It takes less to be counted among the rich

February 17, 1993|By Los Angeles Times

Being rich, it seems, isn't what it used to be.

Once upon a time, wealth meant a lifestyle of leisure, luxury and protection from the hassles of everyday survival.

But these days, what it takes to qualify is a $100,000 household income, according to President Clinton. The figure set off alarm bells across America because the president previously cited $200,000 as the threshold for those who will pay much higher tax rates.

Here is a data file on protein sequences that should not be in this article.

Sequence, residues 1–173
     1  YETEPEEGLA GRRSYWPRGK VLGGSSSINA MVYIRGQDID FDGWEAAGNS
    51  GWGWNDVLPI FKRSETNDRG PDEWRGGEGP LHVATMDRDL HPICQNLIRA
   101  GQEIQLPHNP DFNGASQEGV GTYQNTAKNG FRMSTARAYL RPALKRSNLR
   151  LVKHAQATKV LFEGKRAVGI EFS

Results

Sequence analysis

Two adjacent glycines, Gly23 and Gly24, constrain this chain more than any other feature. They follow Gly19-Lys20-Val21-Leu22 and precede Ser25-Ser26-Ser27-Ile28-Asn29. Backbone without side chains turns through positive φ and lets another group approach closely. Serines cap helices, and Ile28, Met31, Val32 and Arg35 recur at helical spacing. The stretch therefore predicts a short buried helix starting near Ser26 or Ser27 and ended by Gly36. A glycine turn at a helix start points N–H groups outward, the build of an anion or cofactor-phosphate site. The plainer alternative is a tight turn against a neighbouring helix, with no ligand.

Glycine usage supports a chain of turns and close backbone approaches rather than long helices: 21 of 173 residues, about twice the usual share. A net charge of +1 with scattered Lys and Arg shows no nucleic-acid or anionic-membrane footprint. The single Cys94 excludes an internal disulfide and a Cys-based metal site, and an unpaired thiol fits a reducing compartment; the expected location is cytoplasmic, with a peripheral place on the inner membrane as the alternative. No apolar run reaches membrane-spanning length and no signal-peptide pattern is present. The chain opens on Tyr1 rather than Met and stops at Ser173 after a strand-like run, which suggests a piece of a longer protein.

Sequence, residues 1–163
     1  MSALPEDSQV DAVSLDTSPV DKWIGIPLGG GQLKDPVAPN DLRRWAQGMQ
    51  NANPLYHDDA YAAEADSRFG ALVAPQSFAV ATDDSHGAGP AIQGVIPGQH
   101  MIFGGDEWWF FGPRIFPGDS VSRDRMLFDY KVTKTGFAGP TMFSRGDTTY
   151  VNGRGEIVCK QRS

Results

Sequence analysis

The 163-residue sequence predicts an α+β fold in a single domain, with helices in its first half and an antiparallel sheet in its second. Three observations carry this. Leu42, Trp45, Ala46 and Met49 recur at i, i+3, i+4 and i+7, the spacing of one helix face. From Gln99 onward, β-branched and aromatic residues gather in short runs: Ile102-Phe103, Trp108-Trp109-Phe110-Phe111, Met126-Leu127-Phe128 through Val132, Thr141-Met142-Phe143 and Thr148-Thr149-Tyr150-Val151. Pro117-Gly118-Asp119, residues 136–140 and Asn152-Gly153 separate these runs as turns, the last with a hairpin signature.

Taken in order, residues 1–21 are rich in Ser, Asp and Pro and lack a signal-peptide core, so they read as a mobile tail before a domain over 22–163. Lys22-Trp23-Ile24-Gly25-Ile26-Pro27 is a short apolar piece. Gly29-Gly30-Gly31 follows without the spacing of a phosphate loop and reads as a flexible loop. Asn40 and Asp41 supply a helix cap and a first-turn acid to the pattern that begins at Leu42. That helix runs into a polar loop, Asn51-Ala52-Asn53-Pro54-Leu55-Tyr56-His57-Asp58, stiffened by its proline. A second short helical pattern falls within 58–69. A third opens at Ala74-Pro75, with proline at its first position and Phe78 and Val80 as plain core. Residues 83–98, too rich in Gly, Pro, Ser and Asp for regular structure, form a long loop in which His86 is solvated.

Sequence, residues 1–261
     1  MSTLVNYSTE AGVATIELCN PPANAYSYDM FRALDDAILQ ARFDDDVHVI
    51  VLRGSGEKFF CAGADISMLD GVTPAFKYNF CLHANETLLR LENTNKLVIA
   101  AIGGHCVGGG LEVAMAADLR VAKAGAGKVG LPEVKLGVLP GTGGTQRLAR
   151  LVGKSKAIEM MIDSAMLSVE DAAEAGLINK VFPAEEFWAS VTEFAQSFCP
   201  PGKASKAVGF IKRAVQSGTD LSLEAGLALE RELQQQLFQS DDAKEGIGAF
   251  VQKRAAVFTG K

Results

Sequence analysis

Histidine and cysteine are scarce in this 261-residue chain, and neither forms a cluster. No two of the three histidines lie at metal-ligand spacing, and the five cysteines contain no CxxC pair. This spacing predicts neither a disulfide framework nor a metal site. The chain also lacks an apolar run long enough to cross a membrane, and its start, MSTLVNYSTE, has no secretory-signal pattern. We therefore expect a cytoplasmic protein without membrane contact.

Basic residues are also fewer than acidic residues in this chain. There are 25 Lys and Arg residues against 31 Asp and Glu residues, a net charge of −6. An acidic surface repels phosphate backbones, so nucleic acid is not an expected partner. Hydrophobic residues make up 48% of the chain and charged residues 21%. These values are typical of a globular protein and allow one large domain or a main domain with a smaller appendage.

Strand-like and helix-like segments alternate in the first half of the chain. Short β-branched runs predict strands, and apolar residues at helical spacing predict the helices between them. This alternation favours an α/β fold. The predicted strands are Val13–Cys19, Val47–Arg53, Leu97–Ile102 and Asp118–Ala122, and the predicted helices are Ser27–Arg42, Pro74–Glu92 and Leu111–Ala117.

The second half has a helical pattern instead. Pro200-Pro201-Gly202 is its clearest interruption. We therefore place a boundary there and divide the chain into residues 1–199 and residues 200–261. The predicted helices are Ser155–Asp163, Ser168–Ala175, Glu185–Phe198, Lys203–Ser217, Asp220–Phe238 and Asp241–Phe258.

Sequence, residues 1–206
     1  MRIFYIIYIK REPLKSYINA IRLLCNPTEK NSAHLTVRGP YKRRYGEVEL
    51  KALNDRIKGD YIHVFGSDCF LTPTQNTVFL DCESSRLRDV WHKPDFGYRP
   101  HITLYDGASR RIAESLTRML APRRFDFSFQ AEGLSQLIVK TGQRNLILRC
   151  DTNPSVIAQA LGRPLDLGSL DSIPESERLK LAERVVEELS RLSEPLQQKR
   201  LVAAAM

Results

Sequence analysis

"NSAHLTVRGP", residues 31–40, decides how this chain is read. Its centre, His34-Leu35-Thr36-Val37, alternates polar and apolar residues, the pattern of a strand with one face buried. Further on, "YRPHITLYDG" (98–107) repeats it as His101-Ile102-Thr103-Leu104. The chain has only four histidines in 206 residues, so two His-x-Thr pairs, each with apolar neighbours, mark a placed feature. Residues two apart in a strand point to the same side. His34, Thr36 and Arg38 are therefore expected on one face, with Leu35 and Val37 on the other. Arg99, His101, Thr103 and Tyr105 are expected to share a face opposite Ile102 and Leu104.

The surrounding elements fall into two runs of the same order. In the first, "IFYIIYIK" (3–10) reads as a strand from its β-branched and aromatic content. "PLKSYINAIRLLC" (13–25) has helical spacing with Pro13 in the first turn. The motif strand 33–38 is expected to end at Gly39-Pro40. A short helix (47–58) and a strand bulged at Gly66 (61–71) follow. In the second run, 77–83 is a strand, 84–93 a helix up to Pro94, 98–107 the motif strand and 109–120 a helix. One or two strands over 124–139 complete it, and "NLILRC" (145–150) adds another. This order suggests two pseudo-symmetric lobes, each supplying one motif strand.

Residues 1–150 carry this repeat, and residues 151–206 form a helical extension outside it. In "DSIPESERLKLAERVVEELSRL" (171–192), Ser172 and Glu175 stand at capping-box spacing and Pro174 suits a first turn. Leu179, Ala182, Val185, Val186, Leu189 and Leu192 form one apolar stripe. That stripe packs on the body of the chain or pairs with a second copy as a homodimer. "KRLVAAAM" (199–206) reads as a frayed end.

In any case, the president has focused a spotlight on the question of who is rich.

Those at the lower end of Mr. Clinton's elite hardly consider themselves wealthy, while those who take home far less have little doubt about who is rich.

A $100,000 income "sounds like he's talking about the rich -- but that amount is a drop in the bucket for the rich," observed Maurice Zeitlin, a professor of sociology at University of California, Los Angeles. "The rich pick up $100,000 in a week."

About 5.8 million households would cross the $100,000 threshold by 1994, the Congressional Budget Office says.

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